Improving Production Line Performance Print E-mail
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Written by Dr. Sabry Shaaban and Dr. Sarah Hudson   
Saturday, 31 May 2008 19:00

Simulations make the case for uneven buffering, placed appropriately between workstations.

Designing production lines with no form of mechanical pacing is not an easy affair. For instance, where to place operators who work at different rates, and where to keep unfinished items along the production line, are just some of the problems facing the line manager.

One important decision is determining the size of the storage space in between workstations where partly finished products are kept, awaiting the next step of the process. This storage space, or buffer, has been the subject of numerous studies, such as buffer capacity allocation and placement.

The underlying problem with buffer capacity decisions arises from two scenarios: In one, an operator temporarily works faster than their predecessor, so buffer stocks dwindle. In this case, the succeeding station will suffer from “starving” delays; the other possibility is if an operator temporarily works faster than their successor. In this case, the buffer soon fills up completely, and the preceding station will suffer from “blocking” delays.

Figure 1 shows a five-station serial line with four buffers, where squares depict stations and diamonds represent buffers. So why not just put in place buffers with equal capacity between each workstation (i.e., a balanced-buffer line)? There are often technical considerations to overcome. In some cases, the total buffer capacity needed for efficient working of the line has to be spaced unevenly. This is called an “unbalanced-buffer” line; i.e., the buffers are not all the same size. And based on our research, it may be beneficial to deliberately unbalance the buffers.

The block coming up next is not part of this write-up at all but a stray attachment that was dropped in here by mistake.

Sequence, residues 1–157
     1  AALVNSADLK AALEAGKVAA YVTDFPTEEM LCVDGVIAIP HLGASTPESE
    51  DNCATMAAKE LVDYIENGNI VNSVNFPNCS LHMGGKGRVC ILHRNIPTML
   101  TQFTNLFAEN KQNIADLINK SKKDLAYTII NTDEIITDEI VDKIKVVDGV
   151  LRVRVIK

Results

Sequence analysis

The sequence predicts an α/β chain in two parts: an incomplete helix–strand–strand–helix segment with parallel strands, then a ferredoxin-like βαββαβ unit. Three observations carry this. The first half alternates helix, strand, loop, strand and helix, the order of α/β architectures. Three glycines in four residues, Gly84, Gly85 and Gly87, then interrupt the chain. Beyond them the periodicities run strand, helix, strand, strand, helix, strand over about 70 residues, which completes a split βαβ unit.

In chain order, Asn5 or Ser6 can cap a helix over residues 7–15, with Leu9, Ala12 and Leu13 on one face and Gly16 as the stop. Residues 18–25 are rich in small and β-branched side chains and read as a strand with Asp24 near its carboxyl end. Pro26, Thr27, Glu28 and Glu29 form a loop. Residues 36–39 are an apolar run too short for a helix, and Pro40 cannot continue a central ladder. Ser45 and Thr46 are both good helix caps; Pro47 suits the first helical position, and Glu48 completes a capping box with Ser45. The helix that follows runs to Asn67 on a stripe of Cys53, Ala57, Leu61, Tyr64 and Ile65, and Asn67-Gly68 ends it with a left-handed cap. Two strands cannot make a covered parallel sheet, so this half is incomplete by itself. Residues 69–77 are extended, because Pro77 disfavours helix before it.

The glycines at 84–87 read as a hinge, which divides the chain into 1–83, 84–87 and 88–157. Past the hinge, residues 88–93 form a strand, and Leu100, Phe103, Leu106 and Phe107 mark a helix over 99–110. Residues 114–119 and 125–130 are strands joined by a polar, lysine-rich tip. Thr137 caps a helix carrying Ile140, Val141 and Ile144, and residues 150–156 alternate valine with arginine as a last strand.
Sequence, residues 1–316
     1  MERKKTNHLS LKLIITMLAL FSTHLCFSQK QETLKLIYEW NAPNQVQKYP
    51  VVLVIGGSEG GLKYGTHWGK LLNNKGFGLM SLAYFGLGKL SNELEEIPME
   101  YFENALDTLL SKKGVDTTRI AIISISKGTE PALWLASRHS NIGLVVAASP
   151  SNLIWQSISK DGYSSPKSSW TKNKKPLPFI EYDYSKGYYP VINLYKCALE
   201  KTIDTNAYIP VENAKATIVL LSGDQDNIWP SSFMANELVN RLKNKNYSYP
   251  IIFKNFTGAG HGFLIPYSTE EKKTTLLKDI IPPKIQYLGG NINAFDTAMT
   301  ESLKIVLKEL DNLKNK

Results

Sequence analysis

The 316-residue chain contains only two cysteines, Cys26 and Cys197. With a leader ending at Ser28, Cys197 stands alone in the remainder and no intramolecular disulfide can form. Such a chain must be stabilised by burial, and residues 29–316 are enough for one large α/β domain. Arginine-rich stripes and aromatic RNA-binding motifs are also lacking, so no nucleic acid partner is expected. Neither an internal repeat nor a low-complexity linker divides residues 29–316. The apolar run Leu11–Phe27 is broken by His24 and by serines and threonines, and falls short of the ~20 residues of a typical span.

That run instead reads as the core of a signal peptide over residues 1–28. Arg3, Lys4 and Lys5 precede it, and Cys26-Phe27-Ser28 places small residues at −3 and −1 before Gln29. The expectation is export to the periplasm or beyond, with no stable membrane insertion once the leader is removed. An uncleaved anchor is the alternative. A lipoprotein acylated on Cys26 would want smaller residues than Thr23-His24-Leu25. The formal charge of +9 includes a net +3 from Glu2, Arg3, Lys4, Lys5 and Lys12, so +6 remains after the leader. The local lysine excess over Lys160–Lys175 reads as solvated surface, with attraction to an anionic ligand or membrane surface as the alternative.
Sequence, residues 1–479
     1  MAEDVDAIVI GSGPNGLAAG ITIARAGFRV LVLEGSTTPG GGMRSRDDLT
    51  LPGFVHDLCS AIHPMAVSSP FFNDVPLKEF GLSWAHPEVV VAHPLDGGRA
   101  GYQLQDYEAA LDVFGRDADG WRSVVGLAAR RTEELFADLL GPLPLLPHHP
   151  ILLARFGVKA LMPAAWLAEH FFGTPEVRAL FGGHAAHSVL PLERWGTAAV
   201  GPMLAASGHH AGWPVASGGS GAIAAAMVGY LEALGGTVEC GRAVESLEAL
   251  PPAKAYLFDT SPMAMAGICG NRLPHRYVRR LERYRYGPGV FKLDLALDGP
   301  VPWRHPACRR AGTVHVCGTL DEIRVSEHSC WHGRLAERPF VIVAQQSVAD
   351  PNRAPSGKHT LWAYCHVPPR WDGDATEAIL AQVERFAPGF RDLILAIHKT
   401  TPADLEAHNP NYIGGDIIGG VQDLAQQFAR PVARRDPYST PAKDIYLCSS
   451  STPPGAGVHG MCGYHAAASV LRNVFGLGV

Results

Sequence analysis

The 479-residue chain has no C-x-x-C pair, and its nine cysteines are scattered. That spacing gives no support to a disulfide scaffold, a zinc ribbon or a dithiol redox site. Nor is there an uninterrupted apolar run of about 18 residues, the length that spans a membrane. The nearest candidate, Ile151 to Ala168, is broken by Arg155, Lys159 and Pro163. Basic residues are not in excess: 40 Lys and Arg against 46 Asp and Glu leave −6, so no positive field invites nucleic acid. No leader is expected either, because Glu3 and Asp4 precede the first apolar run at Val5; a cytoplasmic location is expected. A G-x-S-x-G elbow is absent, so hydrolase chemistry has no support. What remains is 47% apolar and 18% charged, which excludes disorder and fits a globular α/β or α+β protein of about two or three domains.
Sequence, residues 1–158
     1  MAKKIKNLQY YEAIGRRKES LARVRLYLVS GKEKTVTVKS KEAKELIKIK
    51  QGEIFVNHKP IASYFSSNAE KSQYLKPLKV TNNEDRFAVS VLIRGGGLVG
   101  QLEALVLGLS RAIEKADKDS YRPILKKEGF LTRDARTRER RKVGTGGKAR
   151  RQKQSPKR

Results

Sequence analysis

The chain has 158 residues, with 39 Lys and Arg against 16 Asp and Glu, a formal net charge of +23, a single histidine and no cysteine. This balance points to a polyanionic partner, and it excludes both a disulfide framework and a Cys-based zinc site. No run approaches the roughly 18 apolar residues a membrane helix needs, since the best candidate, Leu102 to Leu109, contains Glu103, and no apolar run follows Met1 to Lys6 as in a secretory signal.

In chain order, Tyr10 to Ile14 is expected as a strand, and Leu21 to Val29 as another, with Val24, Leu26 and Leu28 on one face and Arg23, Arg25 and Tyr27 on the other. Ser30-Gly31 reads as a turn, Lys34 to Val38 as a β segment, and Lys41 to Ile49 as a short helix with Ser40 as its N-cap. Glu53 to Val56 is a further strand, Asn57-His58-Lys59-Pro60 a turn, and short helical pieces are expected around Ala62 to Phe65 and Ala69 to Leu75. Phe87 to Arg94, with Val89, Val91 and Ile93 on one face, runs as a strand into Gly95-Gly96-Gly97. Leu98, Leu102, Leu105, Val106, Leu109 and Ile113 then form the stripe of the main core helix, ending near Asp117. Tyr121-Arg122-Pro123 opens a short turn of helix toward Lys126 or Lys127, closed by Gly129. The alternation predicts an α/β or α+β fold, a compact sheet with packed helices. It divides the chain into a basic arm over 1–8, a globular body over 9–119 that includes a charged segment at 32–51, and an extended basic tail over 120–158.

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It often has been assumed a line with equal buffer sizes gives the best performance, and anything else is going to lead to losses in efficiency. The work we have done shows this is not necessarily so; buffers of unequal size placed appropriately between workstations can sometimes even lead to increases in effectiveness.

One way to measure line efficiency is to calculate the average buffer level (ABL) for the whole line; evidently, the ideal is as few work-in-process pieces in storage as possible, so ABL needs to be kept low. Another way is to calculate the time the line is inactive (idle time, or IT) as a percentage of total working time. This, too, needs to be kept as low as possible, to reduce labor costs.

Buffer Placement Decisions

We ran computer simulations on lines with five and eight workstations, with total buffer capacities (TB) of eight and 24 units for the shorter line, and 14 and 42 units for the longer (eight-station) line, giving average buffer capacities of two and six units, respectively, for both line lengths. The buffer capacities were then assigned unevenly along the lines. Figure 2 illustrates the general idea for some of the simpler patterns, the five-station line with a total buffer capacity of eight units.

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The patterns can be described in five general policies: